www.digitalmars.com         C & C++   DMDScript  

digitalmars.D.learn - const functions in D 2.0

reply "Steven Schveighoffer" <schveiguy yahoo.com> writes:
How does one declare const/invariant member functions in D 2.0 that don't 
return void?  If it's just prefixing, how does one declare const/invariant 
functions that return const/invariant references?

The web site isn't very helpful on this matter.

-Steve 
Nov 05 2007
parent reply "Jarrett Billingsley" <kb3ctd2 yahoo.com> writes:
"Steven Schveighoffer" <schveiguy yahoo.com> wrote in message 
news:fgoak7$24ao$1 digitalmars.com...
 How does one declare const/invariant member functions in D 2.0 that don't 
 return void?  If it's just prefixing, how does one declare const/invariant 
 functions that return const/invariant references?

 The web site isn't very helpful on this matter.

 -Steve

const Bar foo() { // returns a non-const Bar, but can't modify this. } const const(Bar) foo() { // returns a const(Bar). } At least I'm pretty sure.
Nov 05 2007
parent reply "Steven Schveighoffer" <schveiguy yahoo.com> writes:
"Jarrett Billingsley" wrote
 "Steven Schveighoffer" <schveiguy yahoo.com> wrote in message 
 news:fgoak7$24ao$1 digitalmars.com...
 How does one declare const/invariant member functions in D 2.0 that don't 
 return void?  If it's just prefixing, how does one declare 
 const/invariant functions that return const/invariant references?

 The web site isn't very helpful on this matter.

 -Steve

const Bar foo() { // returns a non-const Bar, but can't modify this. } const const(Bar) foo() { // returns a const(Bar). } At least I'm pretty sure.

Experimentation proves you are correct. Thanks! This really should be more prominent on the web site. -Steve
Nov 05 2007
parent reply Nathan Reed <nathaniel.reed gmail.com> writes:
Steven Schveighoffer wrote:
 "Jarrett Billingsley" wrote
 "Steven Schveighoffer" <schveiguy yahoo.com> wrote in message 
 news:fgoak7$24ao$1 digitalmars.com...
 How does one declare const/invariant member functions in D 2.0 that don't 
 return void?  If it's just prefixing, how does one declare 
 const/invariant functions that return const/invariant references?

 The web site isn't very helpful on this matter.

 -Steve

{ // returns a non-const Bar, but can't modify this. } const const(Bar) foo() { // returns a const(Bar). } At least I'm pretty sure.

Experimentation proves you are correct. Thanks! This really should be more prominent on the web site.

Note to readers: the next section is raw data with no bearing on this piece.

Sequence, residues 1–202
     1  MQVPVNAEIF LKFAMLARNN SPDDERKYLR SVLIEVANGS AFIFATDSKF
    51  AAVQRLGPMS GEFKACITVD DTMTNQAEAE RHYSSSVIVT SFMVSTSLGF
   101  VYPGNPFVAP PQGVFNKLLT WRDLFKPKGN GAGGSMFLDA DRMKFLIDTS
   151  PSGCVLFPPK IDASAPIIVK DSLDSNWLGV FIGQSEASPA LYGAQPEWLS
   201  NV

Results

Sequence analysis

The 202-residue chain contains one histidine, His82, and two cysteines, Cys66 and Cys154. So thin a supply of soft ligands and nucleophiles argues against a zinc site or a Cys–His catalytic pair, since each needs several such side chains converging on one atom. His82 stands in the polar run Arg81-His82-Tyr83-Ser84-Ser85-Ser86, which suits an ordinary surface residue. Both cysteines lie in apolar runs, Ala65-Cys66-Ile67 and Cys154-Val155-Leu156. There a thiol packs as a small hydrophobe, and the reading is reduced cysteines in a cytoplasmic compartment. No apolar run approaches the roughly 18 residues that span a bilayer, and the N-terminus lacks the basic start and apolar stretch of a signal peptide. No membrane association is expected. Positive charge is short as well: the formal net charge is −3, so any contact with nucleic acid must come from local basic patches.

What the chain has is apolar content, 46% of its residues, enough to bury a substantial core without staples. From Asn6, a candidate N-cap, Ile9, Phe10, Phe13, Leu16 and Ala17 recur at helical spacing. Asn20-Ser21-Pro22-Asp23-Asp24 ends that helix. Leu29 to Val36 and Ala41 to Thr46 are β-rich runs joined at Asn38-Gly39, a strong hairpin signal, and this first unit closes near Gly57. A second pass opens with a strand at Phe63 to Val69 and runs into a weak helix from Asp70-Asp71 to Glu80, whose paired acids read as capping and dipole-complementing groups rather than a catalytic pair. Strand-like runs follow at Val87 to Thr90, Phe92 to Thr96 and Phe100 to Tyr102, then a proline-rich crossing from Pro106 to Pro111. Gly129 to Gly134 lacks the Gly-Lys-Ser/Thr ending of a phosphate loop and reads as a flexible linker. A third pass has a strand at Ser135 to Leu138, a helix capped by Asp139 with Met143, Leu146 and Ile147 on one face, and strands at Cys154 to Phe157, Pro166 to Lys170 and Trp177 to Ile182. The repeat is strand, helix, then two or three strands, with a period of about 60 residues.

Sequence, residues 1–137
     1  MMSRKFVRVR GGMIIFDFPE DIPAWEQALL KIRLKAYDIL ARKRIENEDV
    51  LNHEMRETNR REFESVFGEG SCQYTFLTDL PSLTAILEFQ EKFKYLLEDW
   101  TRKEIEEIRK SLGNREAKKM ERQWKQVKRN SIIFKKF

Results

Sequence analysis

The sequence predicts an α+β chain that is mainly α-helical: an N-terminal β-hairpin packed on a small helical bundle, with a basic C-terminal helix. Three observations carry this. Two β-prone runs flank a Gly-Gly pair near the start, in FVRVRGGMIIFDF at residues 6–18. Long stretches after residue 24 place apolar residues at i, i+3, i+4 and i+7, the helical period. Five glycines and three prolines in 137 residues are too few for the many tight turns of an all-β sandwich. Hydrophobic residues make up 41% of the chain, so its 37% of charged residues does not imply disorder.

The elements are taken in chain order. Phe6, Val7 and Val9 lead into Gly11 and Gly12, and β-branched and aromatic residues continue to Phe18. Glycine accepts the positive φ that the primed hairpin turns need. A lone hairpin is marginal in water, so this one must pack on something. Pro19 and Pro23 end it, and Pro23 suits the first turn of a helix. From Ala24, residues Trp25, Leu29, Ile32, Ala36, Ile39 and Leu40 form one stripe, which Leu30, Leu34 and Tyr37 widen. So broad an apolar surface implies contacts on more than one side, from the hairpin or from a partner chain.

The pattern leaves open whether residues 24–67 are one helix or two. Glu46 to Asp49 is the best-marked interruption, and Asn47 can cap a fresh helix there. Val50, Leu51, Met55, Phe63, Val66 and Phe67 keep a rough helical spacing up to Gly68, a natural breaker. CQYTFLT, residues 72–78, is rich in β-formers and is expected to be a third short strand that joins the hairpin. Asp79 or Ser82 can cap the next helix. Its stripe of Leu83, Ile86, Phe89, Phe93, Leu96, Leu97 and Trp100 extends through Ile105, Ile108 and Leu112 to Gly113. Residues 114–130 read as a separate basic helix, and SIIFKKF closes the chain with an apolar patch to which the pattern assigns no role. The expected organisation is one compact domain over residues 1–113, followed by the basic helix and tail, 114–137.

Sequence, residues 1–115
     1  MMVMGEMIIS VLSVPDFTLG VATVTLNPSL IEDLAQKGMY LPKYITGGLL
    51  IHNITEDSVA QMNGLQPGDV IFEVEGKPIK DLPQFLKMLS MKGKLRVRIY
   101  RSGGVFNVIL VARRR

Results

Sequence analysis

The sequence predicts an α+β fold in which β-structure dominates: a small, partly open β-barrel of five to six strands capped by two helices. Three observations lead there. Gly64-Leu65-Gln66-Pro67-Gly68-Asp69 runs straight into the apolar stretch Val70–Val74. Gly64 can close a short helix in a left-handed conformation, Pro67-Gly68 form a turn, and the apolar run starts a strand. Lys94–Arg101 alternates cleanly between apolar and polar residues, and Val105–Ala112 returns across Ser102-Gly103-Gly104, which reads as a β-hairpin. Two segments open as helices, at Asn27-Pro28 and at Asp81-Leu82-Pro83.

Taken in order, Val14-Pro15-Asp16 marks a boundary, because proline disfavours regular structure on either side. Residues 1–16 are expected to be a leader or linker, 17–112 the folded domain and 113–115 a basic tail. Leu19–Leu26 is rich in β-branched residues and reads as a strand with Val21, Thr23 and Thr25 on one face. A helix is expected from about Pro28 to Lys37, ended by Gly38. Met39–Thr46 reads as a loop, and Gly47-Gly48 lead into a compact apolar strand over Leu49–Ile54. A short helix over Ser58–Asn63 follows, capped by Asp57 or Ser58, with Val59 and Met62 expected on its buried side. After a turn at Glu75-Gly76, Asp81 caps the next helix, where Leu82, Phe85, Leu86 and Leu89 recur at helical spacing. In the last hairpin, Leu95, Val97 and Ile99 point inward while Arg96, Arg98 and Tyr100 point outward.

Actually, this really should be changed in the language...it's kind of silly IMHO that const Bar foo() and const(Bar) foo() mean different things. How about putting the const or invariant of a function at the end of the function header like C++ does? Bar foo () const // ret-val is not const, 'this' is I don't know what was so wrong with this aspect of C++ syntax that it had be replaced with the confusing syntax we have now. Thanks, Nathan Reed
Nov 05 2007
parent Adam Burton <adz21c googlemail.com> writes:
Nathan Reed wrote:

 Steven Schveighoffer wrote:
 "Jarrett Billingsley" wrote
 "Steven Schveighoffer" <schveiguy yahoo.com> wrote in message
 news:fgoak7$24ao$1 digitalmars.com...
 How does one declare const/invariant member functions in D 2.0 that
 don't
 return void?  If it's just prefixing, how does one declare
 const/invariant functions that return const/invariant references?

 The web site isn't very helpful on this matter.

 -Steve

{ // returns a non-const Bar, but can't modify this. } const const(Bar) foo() { // returns a const(Bar). } At least I'm pretty sure.

Experimentation proves you are correct. Thanks! This really should be more prominent on the web site.

Actually, this really should be changed in the language...it's kind of silly IMHO that const Bar foo() and const(Bar) foo() mean different things. How about putting the const or invariant of a function at the end of the function header like C++ does? Bar foo () const // ret-val is not const, 'this' is I don't know what was so wrong with this aspect of C++ syntax that it had be replaced with the confusing syntax we have now. Thanks, Nathan Reed